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Discussion Starter · #1 ·
I am interested in building a 4' tall cmu retaining wall on a project. I have a engineered drawing for a similar wall that we did not build. The engineer is calling for a T footing. The botton of the footing is 4' down. Frost line here is 3.5'. Then he wants 2' of the cmu below grade. Then 4' above grade. I have never built a masonry retaining wall before. But it seems to alittle odd to me to have 6' of concrete below grade.


Does this seem right or does the engineer have no idea what hes doing? There are no extrodinary surcharges on this wall either.
 

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Not so sure I would go with 4" no matter how much rebar you put in it. And most 4's would need to be punctured on the top since the core is almost always filled in at the top.

Strength wise a 6 or 8" would be much stronger and stable for a small increase in cost.

I would put dead man anchors in also for frost heave.
 

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Rusk -

If you are using block with mortar and possibly brick veneer, you should be below the frost level. This is not the height of the wall. It is the depth of bottom of the footing below the the lowest area of the finished grade,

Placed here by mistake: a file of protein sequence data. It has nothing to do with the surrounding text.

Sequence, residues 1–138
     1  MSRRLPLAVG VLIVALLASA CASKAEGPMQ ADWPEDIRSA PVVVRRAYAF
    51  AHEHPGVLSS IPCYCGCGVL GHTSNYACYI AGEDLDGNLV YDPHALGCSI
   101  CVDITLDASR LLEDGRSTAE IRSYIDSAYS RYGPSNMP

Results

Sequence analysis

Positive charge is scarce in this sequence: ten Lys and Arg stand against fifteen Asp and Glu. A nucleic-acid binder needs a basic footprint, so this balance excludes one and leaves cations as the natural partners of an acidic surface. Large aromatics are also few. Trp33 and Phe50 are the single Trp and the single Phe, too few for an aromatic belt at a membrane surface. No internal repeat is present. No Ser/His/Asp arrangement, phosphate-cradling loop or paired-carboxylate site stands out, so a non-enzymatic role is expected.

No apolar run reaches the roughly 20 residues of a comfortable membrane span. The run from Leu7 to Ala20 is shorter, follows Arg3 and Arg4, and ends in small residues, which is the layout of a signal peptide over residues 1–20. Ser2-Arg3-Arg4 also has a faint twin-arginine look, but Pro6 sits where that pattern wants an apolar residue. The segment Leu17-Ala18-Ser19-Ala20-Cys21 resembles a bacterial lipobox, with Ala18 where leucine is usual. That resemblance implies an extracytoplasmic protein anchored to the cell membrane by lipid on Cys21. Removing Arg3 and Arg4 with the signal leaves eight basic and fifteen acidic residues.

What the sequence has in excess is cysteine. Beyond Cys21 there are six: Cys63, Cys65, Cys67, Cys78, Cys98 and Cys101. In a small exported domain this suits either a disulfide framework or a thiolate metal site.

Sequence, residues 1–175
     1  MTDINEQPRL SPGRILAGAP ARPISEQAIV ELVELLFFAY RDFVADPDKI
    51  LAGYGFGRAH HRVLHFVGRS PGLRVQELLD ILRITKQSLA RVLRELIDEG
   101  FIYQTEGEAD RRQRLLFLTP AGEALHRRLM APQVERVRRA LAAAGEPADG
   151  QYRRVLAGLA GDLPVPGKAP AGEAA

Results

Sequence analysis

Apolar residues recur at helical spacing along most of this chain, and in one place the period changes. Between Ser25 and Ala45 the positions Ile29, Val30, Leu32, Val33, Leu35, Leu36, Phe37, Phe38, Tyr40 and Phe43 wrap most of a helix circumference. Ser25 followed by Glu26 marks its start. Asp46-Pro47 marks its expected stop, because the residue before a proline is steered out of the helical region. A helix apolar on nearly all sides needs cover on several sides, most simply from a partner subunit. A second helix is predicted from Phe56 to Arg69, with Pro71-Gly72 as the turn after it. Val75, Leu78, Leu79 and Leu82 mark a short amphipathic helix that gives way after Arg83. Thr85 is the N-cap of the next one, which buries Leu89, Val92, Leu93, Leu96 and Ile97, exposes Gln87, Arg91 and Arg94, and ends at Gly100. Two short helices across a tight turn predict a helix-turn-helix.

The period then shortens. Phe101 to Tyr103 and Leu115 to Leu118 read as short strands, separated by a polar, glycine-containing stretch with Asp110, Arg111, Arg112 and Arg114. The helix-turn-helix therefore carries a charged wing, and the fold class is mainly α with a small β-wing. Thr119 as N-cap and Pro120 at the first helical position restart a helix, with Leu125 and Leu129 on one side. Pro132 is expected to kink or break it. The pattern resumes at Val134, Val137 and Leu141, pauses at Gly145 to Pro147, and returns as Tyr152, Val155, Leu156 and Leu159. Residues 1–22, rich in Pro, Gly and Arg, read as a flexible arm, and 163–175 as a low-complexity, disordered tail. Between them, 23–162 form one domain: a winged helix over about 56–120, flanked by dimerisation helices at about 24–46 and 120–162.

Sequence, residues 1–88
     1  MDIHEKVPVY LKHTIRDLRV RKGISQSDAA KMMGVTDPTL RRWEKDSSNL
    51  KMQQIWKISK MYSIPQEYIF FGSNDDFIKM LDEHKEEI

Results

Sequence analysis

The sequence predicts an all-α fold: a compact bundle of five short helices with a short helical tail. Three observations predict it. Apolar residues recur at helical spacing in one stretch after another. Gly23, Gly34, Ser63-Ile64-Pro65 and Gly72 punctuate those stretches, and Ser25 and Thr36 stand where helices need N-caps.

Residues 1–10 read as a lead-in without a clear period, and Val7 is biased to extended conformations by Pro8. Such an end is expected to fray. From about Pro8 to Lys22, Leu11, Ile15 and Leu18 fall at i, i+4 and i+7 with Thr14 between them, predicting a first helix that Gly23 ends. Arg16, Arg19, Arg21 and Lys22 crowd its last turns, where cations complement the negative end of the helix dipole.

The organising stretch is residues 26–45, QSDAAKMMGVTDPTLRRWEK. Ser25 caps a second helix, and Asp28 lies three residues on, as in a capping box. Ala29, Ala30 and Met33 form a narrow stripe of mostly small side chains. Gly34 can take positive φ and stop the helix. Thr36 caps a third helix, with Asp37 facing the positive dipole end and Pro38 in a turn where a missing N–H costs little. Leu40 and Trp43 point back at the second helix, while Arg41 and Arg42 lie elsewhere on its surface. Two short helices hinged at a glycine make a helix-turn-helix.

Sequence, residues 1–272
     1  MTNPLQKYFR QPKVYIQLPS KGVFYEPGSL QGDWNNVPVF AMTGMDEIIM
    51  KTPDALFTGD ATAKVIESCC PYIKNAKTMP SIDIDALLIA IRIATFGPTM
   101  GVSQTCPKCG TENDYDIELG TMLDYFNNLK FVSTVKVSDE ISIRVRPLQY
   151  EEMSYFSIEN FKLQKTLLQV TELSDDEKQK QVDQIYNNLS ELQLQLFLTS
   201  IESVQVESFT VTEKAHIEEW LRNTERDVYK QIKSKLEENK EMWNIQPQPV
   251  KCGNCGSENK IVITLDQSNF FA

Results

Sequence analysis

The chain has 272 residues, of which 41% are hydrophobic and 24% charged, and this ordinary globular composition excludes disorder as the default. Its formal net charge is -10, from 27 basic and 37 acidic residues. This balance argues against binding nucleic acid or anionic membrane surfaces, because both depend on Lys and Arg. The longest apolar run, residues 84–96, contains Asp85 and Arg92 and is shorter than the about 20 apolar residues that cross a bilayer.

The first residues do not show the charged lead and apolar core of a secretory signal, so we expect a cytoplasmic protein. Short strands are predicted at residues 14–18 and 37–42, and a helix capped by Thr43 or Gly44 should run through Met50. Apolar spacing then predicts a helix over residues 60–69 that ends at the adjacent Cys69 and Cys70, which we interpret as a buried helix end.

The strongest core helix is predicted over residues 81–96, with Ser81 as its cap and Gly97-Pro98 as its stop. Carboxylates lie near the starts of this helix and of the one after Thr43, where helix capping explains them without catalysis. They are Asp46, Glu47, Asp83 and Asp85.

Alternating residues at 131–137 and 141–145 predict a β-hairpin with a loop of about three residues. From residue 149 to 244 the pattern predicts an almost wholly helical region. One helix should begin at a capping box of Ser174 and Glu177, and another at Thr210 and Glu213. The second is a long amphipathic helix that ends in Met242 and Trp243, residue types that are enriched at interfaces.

If you want to offer something else, propose a concrete segmental retaining wall (SRW) system that does not require a footing below frost and is NOT permitted to have mortar or a concrete footing. This system is designed to allow minor movements of the wall and better drainage of the retained soil. It is far more popular and common than a rigid wall with a footing. Walls can be built up to 45' without footings, but engineered using geo-grid to reinforce the block of soil behind the wall. - Most local municipalities have standard design plates for municipal projects or private applications that provide details for walls under 4' high. The walls can have either inside or outside corners and can easily be adjusted for grade changes. Many different faces, textures and colors are available to match the commonly used concrete pavers. - You still need a level, at least for the critical first course and then it is futile unless your eye tells you so or you screwed up on the first course set on compacted gravel.

Block producers feel bad about selling a product that competes with the traditional block/brick and mortar, but the market is so much larger it is impossible to ignore the success and huge volume. The reputable common systems are used internationally and there are plants that only produce the units 24 hours per day through much of the year. I saw an international project that had about 7 miles of walls from 2 to 45' high on both sides of the highway.

Not a product for the craftsman, but a good product for many different applications.
 
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